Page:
Listening to the new album from Róisín Murphy makes me realise just how much I miss clubs. This really is a record made with the club business in mind, body and soul.
There are basslines and bows and bops and bumps and bounces here which really need to be experienced through the thump and twirl of a top of the game sound system. It needs to be played to a room of giddy groovers moving and gliding on a dancefloor with some semblance of panache.
"This record is another one of those times when Murphy of Arklow has got all her disco ducks in a row"
It's made to soundtrack those mischevious moments when you know - just know - that everything and nothing makes sense at the exact same time.
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There are tracks on Róisín Machine which remind me of what it was like to put on a killer track when you were DJing in a club. Nothing beats watching a crowd dance and dander to a well chosen and rightly primed boom tune. It’s the emotional flipside to those times you’d play something you thought was boss and everyone would head off to the bar or smoking section and wonder when the next DJ was coming on.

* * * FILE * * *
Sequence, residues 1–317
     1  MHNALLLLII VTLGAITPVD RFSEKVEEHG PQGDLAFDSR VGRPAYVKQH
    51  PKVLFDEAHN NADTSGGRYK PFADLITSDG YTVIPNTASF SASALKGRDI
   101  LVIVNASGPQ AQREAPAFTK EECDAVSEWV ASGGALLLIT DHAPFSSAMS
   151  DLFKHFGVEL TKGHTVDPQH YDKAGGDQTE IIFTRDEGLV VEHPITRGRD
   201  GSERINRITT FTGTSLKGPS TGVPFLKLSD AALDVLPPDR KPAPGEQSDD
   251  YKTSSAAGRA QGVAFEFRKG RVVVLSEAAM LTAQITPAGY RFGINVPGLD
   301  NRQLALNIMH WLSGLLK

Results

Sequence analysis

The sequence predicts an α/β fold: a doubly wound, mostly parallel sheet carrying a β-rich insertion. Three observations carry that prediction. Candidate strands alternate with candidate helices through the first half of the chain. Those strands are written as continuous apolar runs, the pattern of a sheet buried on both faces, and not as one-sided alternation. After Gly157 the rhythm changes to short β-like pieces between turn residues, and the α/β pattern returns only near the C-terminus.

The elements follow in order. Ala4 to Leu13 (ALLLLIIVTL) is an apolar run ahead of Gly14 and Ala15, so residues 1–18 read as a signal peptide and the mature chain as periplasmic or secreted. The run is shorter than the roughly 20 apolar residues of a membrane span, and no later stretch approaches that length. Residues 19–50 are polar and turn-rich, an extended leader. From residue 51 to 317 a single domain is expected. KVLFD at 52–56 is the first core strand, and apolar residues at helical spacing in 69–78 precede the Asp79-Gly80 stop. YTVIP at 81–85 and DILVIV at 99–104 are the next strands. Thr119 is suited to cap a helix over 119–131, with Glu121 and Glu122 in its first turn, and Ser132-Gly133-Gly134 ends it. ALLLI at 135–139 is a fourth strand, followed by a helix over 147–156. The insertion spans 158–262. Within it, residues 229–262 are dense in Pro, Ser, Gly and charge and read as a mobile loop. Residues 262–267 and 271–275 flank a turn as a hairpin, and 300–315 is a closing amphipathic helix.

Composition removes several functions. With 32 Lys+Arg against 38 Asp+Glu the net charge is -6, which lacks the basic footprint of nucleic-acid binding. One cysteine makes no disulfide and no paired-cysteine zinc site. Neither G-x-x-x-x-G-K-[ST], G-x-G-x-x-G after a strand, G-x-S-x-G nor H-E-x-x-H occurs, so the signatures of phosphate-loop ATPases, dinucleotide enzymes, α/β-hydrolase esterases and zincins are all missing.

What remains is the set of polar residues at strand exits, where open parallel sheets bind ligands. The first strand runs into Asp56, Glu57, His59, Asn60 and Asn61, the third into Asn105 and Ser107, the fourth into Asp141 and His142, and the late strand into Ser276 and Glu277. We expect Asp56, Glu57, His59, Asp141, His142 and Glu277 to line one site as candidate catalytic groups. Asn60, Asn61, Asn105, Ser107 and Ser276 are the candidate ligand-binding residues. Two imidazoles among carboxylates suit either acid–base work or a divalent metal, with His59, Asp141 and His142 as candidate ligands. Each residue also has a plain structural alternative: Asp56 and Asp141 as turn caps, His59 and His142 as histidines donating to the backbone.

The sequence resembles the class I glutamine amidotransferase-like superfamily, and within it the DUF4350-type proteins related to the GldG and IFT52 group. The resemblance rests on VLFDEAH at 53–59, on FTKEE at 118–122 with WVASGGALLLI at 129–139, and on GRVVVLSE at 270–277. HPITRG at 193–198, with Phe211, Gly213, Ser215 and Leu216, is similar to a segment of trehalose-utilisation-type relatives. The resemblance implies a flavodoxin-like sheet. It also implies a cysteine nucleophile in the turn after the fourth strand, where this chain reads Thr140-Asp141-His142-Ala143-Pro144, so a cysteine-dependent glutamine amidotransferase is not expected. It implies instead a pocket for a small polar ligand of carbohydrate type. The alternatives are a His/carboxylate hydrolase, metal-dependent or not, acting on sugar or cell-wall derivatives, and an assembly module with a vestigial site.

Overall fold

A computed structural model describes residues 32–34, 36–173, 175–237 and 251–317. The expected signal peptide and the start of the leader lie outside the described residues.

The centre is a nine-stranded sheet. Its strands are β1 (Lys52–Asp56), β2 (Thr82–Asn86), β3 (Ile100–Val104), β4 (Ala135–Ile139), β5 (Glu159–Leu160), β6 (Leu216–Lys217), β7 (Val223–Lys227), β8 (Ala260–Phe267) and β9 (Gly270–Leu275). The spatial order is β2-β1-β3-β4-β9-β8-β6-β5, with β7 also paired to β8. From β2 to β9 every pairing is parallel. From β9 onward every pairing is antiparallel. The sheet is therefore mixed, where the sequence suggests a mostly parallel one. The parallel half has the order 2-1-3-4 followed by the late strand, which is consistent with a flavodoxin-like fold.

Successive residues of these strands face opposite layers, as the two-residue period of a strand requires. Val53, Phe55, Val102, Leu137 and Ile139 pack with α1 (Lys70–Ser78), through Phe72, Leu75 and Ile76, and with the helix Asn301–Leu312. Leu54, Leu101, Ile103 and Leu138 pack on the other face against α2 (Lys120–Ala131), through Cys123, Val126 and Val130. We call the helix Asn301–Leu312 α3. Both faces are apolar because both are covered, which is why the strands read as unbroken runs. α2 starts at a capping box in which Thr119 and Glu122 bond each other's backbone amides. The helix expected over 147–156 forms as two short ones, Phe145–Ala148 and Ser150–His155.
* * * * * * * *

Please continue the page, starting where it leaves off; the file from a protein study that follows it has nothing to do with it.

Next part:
This record is another one of those times when Murphy of Arklow has got all her disco ducks in a row. Over the last few decades, she’s turned into an artist who produces always fascinating fare - and usually talks a splendid game to boot - but she’s never quite got to hang around to have a proper go at the dessert trolley at the end of it all. Others have soared higher with far less substantial material, which makes you wonder what the heck is the problem.
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There’s no possibility of such issues with Róisín Machine, pop music for any golden age you care to list. There’s a "sure look" factor in that Murphy has produced an album which glitters like a mirrorball at a time when those contraptions are not moving at all, but that’s the only kink in the fabric. Play it loud. And the 11 likely media lads and lasses I’m about to conscript to pick the Choice Music Prize shortlist for this year of fecking years had better do the right thing.